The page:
Last month, the Stop Online Piracy Act (SOPA) was proposed in an attempt to curb and stop online piracy – in theory. In reality, it is a highly controversial law that if passed, would allow anyone to sue and shut down a website just because some content deemed illegal by the plaintiff was uploaded by users.
While the intention behind the law seems to go in the right direction, it could easily be misused, if not completely abused, to potentially harm useful websites that contain user-generated content, like YouTube, or others like it. Worse, one could imagine that competitors could hire users to upload copyrighted content to create trouble.
On one side we have a number of large companies like the Business Software Alliance (BSA) in favor of the proposal, and other, we have web-based companies like Google, Mozilla, AOL, and Twitter who are trying to fight it off. Well it looks like another company has decided to stop supporting the SOPA and join the opposition – the largest worldwide mass-market hosting company: Go Daddy.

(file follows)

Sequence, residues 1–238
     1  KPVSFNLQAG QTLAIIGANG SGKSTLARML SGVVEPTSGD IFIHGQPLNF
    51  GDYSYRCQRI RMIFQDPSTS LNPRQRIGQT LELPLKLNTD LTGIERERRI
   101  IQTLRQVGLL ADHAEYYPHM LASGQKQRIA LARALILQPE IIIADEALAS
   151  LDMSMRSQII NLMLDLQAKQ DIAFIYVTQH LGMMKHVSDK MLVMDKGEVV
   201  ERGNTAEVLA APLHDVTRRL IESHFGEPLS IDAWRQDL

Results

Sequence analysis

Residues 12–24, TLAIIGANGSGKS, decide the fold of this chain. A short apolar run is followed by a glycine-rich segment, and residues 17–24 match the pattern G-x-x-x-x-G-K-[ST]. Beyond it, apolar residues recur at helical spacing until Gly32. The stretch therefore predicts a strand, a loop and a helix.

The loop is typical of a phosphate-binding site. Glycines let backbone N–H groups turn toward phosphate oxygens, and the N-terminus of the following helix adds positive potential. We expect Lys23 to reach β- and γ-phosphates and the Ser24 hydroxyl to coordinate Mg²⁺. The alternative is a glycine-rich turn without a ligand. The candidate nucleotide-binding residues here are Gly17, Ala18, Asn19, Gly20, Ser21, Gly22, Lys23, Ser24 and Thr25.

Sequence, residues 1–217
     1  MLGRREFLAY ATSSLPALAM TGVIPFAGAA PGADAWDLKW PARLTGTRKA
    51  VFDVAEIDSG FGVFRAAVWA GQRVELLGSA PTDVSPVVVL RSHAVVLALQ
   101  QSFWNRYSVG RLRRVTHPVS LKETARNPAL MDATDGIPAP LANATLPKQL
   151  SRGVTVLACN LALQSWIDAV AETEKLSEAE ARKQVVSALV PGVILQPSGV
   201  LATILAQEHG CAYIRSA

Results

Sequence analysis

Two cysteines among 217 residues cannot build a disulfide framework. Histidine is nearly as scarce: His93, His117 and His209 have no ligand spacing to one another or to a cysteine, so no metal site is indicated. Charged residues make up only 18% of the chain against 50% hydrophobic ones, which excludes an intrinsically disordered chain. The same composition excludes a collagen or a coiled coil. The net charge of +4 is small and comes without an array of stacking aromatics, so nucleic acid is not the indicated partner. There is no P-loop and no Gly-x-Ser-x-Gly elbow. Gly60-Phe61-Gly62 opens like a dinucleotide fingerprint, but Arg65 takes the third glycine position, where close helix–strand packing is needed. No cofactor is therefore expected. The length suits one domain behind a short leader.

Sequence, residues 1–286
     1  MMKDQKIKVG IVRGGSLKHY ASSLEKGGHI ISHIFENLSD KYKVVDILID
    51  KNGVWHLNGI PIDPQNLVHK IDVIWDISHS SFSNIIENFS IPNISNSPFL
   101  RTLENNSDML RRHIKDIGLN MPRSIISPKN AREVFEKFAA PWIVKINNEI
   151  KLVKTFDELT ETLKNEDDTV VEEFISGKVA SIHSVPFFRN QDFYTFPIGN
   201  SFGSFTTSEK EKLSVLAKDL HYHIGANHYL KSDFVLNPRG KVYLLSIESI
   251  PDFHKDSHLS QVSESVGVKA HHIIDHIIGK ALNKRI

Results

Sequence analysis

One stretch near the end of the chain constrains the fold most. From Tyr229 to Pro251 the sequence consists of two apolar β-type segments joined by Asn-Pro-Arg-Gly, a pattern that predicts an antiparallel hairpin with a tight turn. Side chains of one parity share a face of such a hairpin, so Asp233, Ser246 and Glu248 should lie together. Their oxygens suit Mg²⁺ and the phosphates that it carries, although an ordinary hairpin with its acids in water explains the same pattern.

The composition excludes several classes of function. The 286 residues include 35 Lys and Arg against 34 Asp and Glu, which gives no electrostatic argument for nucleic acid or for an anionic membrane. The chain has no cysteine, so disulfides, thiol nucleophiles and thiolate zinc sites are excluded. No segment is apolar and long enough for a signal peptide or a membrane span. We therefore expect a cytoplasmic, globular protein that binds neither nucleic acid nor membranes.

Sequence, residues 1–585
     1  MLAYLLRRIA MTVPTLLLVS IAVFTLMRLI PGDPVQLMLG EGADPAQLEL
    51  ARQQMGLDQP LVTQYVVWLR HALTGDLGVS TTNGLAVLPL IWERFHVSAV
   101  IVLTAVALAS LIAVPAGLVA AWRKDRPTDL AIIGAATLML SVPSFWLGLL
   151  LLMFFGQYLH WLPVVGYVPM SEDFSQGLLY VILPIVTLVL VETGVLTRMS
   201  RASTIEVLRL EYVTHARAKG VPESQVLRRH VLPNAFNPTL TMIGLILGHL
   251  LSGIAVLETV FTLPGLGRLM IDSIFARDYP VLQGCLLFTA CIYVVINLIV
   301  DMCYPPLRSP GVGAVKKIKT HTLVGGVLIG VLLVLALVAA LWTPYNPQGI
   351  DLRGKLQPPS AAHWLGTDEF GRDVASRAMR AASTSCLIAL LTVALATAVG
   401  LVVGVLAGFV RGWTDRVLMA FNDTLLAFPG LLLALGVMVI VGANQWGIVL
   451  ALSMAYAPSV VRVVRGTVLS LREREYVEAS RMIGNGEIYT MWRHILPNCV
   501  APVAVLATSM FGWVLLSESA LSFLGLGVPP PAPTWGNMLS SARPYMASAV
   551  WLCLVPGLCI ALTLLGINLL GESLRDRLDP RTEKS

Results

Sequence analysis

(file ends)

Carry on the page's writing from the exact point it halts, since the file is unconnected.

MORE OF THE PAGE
Go Daddy was previously in support of the act, but after receiving threats to boycott its services from numerous websites, the company rethought its decision and decided to go against SOPA instead. According to Go Daddy’s CEO, Warren Adelman, they want to get rid of online piracy but SOPA isn’t the way to do it, and the company is willing to wait until a solution arrives before backing it.
“Fighting online piracy is of the utmost importance, which is why Go Daddy has been working to help craft revisions to this legislation – but we can clearly do better. It’s very important that all Internet stakeholders work together on this. Getting it right is worth the wait. Go Daddy will support it when and if the Internet community supports it… As a company that is all about innovation, with our own technology and in support of our customers, Go Daddy is rooted in the idea of First Amendment Rights and believes 100 percent that the Internet is a key engine for our new economy.”
It looks like the opposition now has another heavy hitter on its side; I wonder how much it will affect the outcome of the court’s decision – however that will have to wait until 2012.
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